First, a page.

News

Stefanutti reports increased contract revenue to R6bn

The Horizon Towers in Mozambique. Stefanutti was awarded the contract for the project which included bulk earthworks.

Stefanutti Stocks has released its results for the year ended February 2022, reporting an increase in contract revenue from continuing operations to R6 billion from R4.7 billion with an operating loss of R99 million (restated February 2021: R55 million operating loss).

The normalised operating profit of R198 million excludes abnormal and non-operational items such as restructuring costs, legal fees, fair value adjustments and impairments of assets as well as a provision to the City of Cape Town claim settlement.

Earnings and headline earnings per share for total operations reported a loss of 248.27 cents (February 2021: 171.62 cents) and a loss of 97.07 cents (February 2021: 155.13 cents) respectively.

The group’s order book is currently R5.3 billion, R1.7 billion of which arises from work outside of South Africa.

Cash consumed from operations is R253 million, negatively impacted by the restructuring costs, abnormal legal fees, and the repayment of excess billings over work done (February 2021: R209 million). As a result, the group’s total cash position has decreased to R409 million (February 2021: R756 million).

The group recognised its operations into regions with the exception of its mechanical and electrical business, effective 1st March 2021. The regions are reported as inland, coastal, Western Cape, and Africa. The mechanical and electrical business has been renamed to Mechanical Electrical Piping (MEP).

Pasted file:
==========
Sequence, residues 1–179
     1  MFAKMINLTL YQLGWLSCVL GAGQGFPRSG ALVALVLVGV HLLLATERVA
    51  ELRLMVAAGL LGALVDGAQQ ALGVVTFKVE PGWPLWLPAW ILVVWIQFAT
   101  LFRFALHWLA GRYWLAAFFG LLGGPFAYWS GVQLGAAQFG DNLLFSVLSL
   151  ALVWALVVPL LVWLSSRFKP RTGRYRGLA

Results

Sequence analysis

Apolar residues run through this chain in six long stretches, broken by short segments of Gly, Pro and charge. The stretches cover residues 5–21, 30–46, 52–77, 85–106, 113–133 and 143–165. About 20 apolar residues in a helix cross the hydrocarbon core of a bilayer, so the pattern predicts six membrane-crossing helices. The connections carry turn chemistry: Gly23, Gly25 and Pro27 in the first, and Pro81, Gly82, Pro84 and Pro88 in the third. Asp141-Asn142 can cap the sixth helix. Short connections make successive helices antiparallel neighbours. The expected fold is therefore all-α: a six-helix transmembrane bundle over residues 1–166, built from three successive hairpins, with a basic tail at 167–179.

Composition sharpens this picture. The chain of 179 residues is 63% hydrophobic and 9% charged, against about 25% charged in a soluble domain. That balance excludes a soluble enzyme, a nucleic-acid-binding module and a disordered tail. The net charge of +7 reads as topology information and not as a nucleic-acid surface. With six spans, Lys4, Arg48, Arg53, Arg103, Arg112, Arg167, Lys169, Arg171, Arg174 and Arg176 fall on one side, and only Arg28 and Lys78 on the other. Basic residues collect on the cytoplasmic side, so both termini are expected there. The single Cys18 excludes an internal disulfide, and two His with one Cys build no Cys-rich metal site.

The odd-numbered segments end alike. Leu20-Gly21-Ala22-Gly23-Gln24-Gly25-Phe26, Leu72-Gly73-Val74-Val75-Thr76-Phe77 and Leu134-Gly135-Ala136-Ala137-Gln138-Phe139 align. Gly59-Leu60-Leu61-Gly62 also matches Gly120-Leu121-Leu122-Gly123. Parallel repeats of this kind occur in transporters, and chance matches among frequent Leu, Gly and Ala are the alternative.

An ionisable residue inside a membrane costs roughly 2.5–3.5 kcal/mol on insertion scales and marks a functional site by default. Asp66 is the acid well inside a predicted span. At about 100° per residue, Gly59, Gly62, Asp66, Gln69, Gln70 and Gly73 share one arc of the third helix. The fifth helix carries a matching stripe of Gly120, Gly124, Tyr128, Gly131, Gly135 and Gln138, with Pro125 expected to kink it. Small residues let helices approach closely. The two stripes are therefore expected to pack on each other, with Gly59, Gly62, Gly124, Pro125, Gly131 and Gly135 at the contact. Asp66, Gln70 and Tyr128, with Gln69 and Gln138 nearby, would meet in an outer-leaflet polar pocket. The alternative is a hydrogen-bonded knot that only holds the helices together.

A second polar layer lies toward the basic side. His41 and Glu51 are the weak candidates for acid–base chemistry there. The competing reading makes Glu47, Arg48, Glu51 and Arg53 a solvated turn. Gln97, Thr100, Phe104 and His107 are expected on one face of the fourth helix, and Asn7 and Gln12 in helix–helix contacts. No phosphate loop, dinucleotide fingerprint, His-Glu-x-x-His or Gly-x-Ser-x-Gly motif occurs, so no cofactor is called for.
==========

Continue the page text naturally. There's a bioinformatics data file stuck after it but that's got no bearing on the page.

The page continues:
Inland region (building, civils, geotechnical, material handling, tailings management, roads, and earthworks)

Inland’s contract revenue from operations is R2 billion (restated February 2021: R1.7 billion) with an operating profit of R86 million (restated February 2021: R26 million). Included within the operating profit is an impairment of R21 million (February 2021: nil) and fair value adjustments of R11 million (February 2021: R8 million) relating to the revaluation of land and buildings and plant and equipment, respectively. Excluding these, the operating profit is R118 million (restated February 2021: R34 million).

CEO Russell Crawford said that the civils, roads, and earthworks disciplines are profitable and performing to expectation. “The former Gauteng division, now forming part of the inland region, has been rightsized due to a declining order book”, adding that the results of the materials handlings and tailings management disciplines were negatively impacted by the sale process. As reported, this sale did not materialise, and we are refocusing these operations and rebuilding their order book”.

The contract mining discipline was wound down in October 2021 and is disclosed as part of discontinued operations.

Opportunities exist for this region in transport infrastructure, water, and wastewater treatment plants, mine infrastructure, renewable energy, and geotechnical sectors.

Inland’s order book as at February 2022 was R2.2 billion (restated February 2021: R2 billion).

Coastal region (building, civils, roads, and earthworks)

The coastal region’s contract revenue from operations is R1 billion (restated February 2021: R935 million) with an operating profit of R3 million, negatively impacted by the civil unrest during July 2021 (restated February 2021: R7 million operating loss).